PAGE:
and cancer chemotherapy, loss of appetite from cancer, hyperactivity
of the bladder in patients with multiple sclerosis and spinal
cord injury, and dyskinesia caused by levodopa in Parkinson's
Route of administration.
Progress has been made in recent years in reducing the disadvantages
of certain routes of cannabis administration, notably the
slow onset of action with oral use and harm associated with
the inhalation of combustion products when smoking cannabis.
The pharmaceutical industry is showing not only increasing
interest in synthetic modulators of the endogenous cannabinoid
system, but also industry members are funding several clinical
studies with cannabis whole plant extracts in Europe and Canada
with the intention to develop approved cannabis based medicines.
This indicates that therapeutic exploitation of natural cannabis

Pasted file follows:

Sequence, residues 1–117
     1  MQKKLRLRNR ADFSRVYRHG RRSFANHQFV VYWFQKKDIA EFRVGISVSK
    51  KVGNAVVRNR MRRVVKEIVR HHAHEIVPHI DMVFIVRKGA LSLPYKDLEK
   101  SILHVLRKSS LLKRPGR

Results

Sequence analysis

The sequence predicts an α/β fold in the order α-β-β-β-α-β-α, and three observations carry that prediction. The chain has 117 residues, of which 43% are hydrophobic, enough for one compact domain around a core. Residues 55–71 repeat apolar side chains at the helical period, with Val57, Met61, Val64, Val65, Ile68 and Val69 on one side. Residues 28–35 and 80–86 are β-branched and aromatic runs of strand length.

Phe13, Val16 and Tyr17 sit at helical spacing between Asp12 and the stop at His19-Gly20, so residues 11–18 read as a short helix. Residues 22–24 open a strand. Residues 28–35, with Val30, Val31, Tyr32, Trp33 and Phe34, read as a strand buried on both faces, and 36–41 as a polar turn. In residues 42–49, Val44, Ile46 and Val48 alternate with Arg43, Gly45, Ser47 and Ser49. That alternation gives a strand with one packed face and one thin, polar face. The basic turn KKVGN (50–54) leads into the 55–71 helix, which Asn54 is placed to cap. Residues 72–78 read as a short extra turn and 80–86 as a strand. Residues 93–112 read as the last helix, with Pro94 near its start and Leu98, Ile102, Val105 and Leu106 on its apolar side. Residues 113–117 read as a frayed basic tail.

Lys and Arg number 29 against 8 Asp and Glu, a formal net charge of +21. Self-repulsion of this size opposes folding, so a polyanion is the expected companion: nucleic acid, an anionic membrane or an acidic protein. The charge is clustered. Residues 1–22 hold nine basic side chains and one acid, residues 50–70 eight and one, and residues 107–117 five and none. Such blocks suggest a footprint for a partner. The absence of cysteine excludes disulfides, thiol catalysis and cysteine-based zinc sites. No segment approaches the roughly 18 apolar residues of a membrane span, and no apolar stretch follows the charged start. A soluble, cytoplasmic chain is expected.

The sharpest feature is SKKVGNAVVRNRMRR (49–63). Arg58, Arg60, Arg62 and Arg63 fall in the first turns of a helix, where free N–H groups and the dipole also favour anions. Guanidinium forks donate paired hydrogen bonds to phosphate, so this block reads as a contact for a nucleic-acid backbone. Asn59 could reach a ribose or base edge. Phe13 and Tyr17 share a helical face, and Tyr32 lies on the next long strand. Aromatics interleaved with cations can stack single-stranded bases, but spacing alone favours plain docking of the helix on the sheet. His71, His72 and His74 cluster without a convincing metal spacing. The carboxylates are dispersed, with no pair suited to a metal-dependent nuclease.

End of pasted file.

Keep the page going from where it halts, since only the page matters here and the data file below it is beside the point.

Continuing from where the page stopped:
will be economically sound. However the present Schedule I
classification of cannabis and THC is an impediment to the
pharmaceutical development of cannabinoid drugs becaused of
the costly restrictions it places on research. More...
Safety for Use
Acute side effects
It is now generally accepted that "...except for the
harms associated with smoking, the adverse effects of marijuana
use are within the range of effects tolerated for other medications"
(Institute of Medicine Report of 1999). This opinion is supported
by recent clinical research. Besides abuse and dependency,
the main side effects of concern are those on the cardiovascular,
immune, and hormonal systems, and on cognitive functions.
Documented safety of long-term cannabis use
Studies have shown the long-term use of cannabis to be safe.
In contrast to many other medicinal drugs, the long-term use
of cannabis does not harm stomach, liver, kidneys and heart.
Side effects of the legal situation
The illegal status of cannabis under most jurisdictions causes
negative consequences for many with regard to their career,
personal and professional relationships, suspension of driving
privilege, and health. More...
Cannabis as gateway drug
Recent research suggests that recreationally used cannabis
does not act as a gateway drug to harder drugs such as alcohol,